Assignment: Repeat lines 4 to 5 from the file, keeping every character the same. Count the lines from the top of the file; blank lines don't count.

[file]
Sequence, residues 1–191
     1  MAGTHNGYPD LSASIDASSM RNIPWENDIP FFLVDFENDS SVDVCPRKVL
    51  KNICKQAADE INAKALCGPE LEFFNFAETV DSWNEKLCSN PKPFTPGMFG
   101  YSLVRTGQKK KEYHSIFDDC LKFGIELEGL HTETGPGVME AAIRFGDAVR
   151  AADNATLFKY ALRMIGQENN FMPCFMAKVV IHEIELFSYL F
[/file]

   101  YSLVRTGQKK KEYHSIFDDC LKFGIELEGL HTETGPGVME AAIRFGDAVR
   151  AADNATLFKY ALRMIGQENN FMPCFMAKVV IHEIELFSYL F